Deepwater Horizon (2016)
Dir: Peter Berg
At the end of the credits the film clearly admits that many things have been largely dramatised in the telling of this story of disaster, though what does feel closest to reality is the detailed recreation of the destruction that occurred in 2010.
Based on the real disaster on the Deepwater Horizon oil rig in 2010, we follow the crew of the rig, most closely electrician Mike Williams (Mark Wahlberg) as the situation develops and they have to escape.
The end of the credits essentially point out that so much has been changed that it’s not a wholly accurate account of the events from just a few years ago, though it features characters largely based on real people. What does feel most factual however is the destruction, with award-nominated sound and visual work that surrounds the audience in chaos and disaster.
It’s a difficult prospect to make a film that’s based on a recent real disaster, being respectful to those affected by it while also aiming to make a movie that entertains and gets respectable box office returns. Casting big names such as Wahlberg, Kurt Russell and Kate Hudson certainly puts this in blockbuster territory, highlighting the actions of a few key characters and not an ensemble of lesser-known actors. The fact that this seems to have come up slightly short on those box office takings may suggest a certain level of reluctance on the part of moviegoers to cross that line from real and recent tragedy into action movie entertainment.
To a certain extent that’s the fault of the film, adding moments that seem contrived for action and spectacle, with overblown heroism enacted especially by A-list star Wahlberg, when everything that happened is already enough to make the film engaging and dramatic. It does justice to the situation in how monumental the destruction feels, yet pushing that a little further with what the surviving rig crew have called ‘Hollywood sensationalism’ risks undermining the verisimilitude. Some of these liberties involve those who lost their lives, including a crane operator who in reality was killed by being blown off a catwalk after helping others, dramatised as moving a large crane so it wouldn’t fall on others, clearly trying to convey what his colleagues described as his unselfish and helpful nature through an exaggerated act of unselfishness. Overblown action pieces like this do stand out as such, I distinctly thought on a few occasions in the film, ‘I wonder if that’s really how it happened because that feels a little too Hollywood!’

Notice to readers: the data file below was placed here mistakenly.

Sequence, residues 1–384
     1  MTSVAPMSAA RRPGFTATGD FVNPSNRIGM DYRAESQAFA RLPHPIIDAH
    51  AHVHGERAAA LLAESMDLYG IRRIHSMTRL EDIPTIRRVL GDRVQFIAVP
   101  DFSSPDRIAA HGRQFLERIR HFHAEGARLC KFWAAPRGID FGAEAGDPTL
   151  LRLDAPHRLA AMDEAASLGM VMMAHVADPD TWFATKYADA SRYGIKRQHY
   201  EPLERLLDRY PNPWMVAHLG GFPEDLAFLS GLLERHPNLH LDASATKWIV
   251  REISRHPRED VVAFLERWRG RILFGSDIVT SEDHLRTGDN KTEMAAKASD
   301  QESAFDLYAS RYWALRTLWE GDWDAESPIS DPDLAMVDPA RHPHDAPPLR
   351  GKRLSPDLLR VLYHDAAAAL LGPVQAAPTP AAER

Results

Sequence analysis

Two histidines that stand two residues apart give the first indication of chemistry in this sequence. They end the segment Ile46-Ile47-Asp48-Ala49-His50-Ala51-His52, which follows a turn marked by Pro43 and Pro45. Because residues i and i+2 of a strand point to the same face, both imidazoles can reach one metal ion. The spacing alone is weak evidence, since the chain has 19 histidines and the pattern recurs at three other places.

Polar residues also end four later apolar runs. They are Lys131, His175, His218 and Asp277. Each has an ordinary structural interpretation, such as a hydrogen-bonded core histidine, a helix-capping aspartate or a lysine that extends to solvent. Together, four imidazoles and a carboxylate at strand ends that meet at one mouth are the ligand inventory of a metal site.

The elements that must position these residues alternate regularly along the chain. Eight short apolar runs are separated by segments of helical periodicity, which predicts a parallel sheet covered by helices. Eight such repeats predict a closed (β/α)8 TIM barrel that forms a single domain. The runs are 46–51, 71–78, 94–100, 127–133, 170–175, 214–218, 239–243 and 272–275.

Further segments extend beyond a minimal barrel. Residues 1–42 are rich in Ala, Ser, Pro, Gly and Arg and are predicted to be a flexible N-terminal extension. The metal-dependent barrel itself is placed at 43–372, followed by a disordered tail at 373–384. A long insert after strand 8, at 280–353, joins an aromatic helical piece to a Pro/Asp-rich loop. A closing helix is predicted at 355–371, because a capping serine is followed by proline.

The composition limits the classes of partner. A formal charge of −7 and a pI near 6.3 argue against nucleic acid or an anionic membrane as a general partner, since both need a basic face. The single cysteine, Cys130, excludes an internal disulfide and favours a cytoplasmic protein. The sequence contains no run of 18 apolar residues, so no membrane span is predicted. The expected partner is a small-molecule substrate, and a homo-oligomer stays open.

As well as exaggerating heroism, the film puts the burden of responsibility on the oil executives who are shown to be culpable by cutting costs and rushing safety checks. I am sure they did much of this (maybe not with the dialogue in the film), the basic foundation of that feels true, yet this too is dialled up by dwelling on the point, hinging big arguments on it and one piece of Machiavellian casting, John Malkovich. You can’t cast Malkovich in a role like this without fully knowing he will make it more than abundantly clear the person he’s playing is instantly untrustworthy and the focal point of ire. Without doubt the point being made is valid, prioritising profits over safety is wrong, the events surrounding the period depicted in the film demonstrate that well enough on their own by pointing out the loss of life, ecological damage and lack of resulting legal accountability.